1. sanderberg says:

    To interact, collaborate or play together?

    I agree with you David that we need to cooperate more consistently. However, I believe that we must embrace the new time and new form of cooperation. I call this, play together. To work within existing established institutions or businesses can be difficult enough, but here we at least have Edwards Deming´s theories about thinking in system.

    Our time increased specialization and fragmentation in an increasingly complex and assimilated social life makes a need for cooperation across boundaries and responsibilities. I think we need a kind of holistic societal innovation.

    In traditionally cooperation and collaboration there are inherent conflicts that prevent or even prevent the positive spiral of increased efficiency, which is usually the driving force for collaboration. Collaboration is about cooperating across boundaries – professional, institutional, organizational and liability terms, while maintaining the borders and their own professional role. Lack of boundaries is thus mostly a game for the gallery and not the gearing and acceleration as a borderless approach does. Therefore, we must break up new areas where there is no motive or reason to maintain boundaries.

    Societal power relation is in constant motion, which is often difficult to survey. Right now we have two movements that increasingly diverge. The first is the legacy of industrial society paradigm, based on the further development of regulations based on the principle of sovereignty and increasingly distinct national interests, the illusion of autonomy. This is a movement that has the constitutional, political and military power in the back. The second movement is moving towards further convergence and complexity of human activity in global systems, which neither begins nor end at any frontiers. This movement has been innovation, evolution and profitability in the back. There are two forces, with different strengths, the simple to the complex, which stands opposite each other.

    A social paradigm occurs when the “old” society no longer is able to deliver safety, prosperity, equality, security, livelihood and future. Usually involves a society shifts, crises and tensions that often turn into a state of war between the existing social system and the new inexorably under way.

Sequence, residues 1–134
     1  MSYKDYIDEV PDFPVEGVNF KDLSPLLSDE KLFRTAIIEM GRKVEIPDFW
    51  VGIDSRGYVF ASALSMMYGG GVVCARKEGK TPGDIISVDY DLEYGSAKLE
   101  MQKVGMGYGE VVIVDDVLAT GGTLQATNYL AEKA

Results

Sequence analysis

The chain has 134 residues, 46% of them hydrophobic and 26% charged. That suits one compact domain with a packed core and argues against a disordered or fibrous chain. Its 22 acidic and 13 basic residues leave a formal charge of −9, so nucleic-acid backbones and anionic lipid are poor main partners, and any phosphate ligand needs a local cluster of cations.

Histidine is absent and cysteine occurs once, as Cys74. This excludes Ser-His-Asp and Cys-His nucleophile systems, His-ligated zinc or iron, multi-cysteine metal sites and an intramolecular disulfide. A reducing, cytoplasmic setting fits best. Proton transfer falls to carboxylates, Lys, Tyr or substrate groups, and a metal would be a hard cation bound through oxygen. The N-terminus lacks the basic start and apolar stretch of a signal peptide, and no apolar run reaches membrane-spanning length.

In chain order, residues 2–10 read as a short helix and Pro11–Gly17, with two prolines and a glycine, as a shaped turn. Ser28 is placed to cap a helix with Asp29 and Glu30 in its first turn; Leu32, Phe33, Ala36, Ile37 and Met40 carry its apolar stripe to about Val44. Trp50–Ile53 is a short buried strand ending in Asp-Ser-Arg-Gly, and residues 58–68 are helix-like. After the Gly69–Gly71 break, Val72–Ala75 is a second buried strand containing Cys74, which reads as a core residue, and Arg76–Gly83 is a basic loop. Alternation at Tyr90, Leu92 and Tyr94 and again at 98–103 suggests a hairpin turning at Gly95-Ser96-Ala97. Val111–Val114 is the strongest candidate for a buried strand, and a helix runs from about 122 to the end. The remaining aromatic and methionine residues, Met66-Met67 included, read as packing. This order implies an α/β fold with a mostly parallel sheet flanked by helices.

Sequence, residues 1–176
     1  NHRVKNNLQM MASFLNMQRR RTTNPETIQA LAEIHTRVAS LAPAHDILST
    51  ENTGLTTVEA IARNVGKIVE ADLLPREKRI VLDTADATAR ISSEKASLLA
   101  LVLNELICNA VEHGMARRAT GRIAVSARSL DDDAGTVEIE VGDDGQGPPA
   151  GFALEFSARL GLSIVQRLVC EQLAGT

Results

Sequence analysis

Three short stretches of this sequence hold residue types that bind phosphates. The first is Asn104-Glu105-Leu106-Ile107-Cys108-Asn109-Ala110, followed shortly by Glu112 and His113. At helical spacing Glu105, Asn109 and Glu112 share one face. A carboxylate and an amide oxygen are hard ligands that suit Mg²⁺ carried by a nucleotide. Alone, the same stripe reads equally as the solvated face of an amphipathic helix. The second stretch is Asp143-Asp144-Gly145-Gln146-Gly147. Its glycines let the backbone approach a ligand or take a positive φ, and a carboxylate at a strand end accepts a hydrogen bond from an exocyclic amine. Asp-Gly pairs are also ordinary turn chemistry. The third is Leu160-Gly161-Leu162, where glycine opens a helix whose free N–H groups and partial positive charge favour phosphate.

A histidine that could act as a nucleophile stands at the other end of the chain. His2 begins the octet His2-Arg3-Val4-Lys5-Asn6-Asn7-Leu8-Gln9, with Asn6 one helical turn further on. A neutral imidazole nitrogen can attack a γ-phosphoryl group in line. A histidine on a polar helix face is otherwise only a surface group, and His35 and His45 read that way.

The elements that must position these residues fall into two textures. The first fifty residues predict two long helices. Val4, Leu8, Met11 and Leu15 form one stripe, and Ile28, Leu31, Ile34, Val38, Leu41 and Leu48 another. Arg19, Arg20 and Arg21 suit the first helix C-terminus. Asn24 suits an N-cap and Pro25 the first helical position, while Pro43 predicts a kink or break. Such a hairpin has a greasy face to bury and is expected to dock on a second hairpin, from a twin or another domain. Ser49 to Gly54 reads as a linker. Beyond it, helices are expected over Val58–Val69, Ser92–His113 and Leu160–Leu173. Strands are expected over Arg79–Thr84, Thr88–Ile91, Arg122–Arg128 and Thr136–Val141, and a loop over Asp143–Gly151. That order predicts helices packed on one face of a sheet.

The great challenge – now that we are in the middle of a transformative social change – is to get established institutions, who sit on the social agenda, to understand and accept the new order of the time and not “fight” and defend them to the last drop of blood. The new time of order is the winner. The big question is how the “profits” can be achieved with as little “losses” as possible.

  2. Thanks Bjorn and I agree with your comments.

    It seems to me that there is a realisation amongst many people that we are in the middle of a transformative social change, and I agree that the great challenge or the ‘good question’ is how can we go through this sea of change with as little damage to the ship and it’s crew?

    I believe that the more people can communicate, seek to understand, listen, and ask ‘how can we navigate this change’ then the better for all of the citizens of our societies.

    See you next week


  3. sanderberg says:

    Yes David, it´s probably a good way to several talks about how it will be resolved, but I don´t think that´s enough. I think we need a general public opinion that we are actually in the middle of a major societal shift and we need to raise the issue on the societal agenda. Otherwise will, the established institutions “steaming” on in good old order follow the old tracks until they suddenly discover the track is upset and close to the abyss.